The aviation industry makes widespread use of carbon fibre reinforced polymers (CFRPs). The material is stiff and lightweight. It is also smooth. Therefore, aircraft surfaces, such as wing panels and leading edges, are often made of CFRPs to help achieve reductions in drag. Yet, CFRPs are prone to erosion. Airborne particles and rain act like sandpaper on aircraft wings. So, critical surfaces, such as wing leading edges, are coated to protect against erosion. Current coatings are inadequate for this purpose because they need constant reapplication. They also have poor heat and electrical conduction properties. This means they offer little protection against lightning strikes, and they have poor de-icing and anti-icing capability. The industry needs a new coating, which the EU-funded WINNER project has developed. The team advanced several erosion-protection coatings, for use with wing panels having various electrical and thermal properties. The goal was to provide protection against erosion as well as lightning strikes and icing.
The coatings are based on multiple layers of titanium and titanium nitride. Titanium is a tough but lightweight metal able to absorb impact energy. Titanium nitride is a hard but fragile ceramic, often used for tool coatings, but it cracks under impact. Using both materials together combines their advantages. “For this reason,” explains Borja Coto, project coordinator, “we had to design a coating stack architecture, using the materials in alternating layers like lasagne.” Applying the coatings to the CFRP substrate imposes special challenges. Since a CFRP is basically plastic, it needs low-temperature application.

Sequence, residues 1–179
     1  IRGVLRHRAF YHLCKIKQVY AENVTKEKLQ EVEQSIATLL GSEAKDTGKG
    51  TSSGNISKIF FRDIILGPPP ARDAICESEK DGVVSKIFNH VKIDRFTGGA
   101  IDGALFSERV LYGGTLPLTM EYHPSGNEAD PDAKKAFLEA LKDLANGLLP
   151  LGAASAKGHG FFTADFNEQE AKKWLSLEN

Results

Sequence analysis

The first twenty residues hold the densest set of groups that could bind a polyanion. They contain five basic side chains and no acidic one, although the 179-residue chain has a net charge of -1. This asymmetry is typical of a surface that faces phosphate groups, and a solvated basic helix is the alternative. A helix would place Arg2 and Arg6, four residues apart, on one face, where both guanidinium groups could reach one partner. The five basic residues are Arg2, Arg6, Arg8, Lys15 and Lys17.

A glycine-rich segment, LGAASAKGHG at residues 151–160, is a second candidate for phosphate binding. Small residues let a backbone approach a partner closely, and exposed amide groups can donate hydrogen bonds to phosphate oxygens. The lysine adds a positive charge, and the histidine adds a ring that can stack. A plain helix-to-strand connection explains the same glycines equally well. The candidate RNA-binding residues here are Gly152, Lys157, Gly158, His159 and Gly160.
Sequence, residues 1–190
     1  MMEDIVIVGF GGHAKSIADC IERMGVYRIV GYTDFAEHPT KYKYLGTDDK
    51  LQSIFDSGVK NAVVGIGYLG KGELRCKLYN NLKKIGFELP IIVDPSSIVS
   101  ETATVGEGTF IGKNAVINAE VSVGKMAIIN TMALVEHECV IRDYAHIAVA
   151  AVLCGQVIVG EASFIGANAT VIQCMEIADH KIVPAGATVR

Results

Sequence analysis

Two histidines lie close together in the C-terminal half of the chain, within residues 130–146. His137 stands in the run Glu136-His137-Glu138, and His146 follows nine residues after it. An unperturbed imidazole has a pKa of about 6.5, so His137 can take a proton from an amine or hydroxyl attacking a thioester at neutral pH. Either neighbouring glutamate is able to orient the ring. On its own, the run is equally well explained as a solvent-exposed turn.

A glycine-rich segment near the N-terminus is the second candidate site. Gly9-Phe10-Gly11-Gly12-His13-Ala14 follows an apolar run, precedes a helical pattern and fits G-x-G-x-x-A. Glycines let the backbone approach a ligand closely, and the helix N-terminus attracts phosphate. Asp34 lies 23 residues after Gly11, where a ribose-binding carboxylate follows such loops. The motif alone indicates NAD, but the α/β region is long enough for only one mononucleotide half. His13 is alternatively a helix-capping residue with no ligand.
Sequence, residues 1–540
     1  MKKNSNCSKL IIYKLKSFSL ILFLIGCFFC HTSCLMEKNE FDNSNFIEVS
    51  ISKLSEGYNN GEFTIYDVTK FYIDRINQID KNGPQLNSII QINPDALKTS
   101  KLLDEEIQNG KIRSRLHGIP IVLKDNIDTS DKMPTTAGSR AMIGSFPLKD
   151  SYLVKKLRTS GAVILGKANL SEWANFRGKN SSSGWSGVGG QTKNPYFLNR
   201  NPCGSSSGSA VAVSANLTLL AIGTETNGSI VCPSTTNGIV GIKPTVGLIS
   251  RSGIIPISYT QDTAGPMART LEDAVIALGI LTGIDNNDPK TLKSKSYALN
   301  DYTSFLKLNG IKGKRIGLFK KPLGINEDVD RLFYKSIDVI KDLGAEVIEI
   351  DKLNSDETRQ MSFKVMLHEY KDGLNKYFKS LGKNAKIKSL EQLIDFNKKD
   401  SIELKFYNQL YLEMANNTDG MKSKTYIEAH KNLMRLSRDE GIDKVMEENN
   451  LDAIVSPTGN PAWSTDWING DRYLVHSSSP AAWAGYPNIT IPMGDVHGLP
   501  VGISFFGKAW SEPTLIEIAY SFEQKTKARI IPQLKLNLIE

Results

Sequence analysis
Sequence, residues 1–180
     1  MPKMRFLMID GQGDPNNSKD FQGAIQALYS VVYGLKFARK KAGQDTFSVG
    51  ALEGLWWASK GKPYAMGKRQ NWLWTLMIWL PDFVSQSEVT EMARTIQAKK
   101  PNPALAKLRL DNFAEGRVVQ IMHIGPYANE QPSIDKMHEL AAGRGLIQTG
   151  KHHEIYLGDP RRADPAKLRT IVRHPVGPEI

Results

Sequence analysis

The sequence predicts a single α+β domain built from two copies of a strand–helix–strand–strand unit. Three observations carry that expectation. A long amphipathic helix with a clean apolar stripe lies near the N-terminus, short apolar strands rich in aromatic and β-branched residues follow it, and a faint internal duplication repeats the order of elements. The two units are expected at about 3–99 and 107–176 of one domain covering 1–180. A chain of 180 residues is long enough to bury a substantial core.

In order to achieve this, WINNER researchers modified an existing coating technology, called physical vapour deposition (PVD), for use with the project’s new coatings. PVD vapourises the coating material in a vacuum chamber and then deposits it onto the surface. Key advantages are that PVD works with many materials, it can create single or multiple layers on many types of substrate (including CFRPs), and it allows precise control of thickness. The combination of protective titanium compounds and PVD had never been attempted. Results indicate that PVD application of the new coating provides good protection against erosion. “The level of protection for rain erosion still has some room for improvement,” states Coto. “In terms of electrical properties, we have obtained resistive coatings, but the main focus of the project was on erosion properties.” The most important outcome was the newly gained knowledge about the complexities of different types of erosion on PVD coatings on CFPRs. This is important for designing suitable coating strategies. Next, the team will be optimising the coatings using other material candidates such as chromium and chromium nitride. These could be used as intermediate layers with the titanium and titanium nitride, to improve adhesion and therefore rain protection. In future, adding still more compounds to modify the electrical properties might help with lightning protection and de-icing. All coatings will eventually need testing and verification according to aviation safety standards. The WINNER project paved the way for future application of coatings on aircraft wings. Such coatings are an integral part of Europe’s broad base of work on improving aviation’s energy efficiency and environmental impact.
WINNER, coating, erosion, CFRP, PVD, aircraft wing, aviation, carbon fibre reinforced polymers, erosion-protection, physical vapour deposition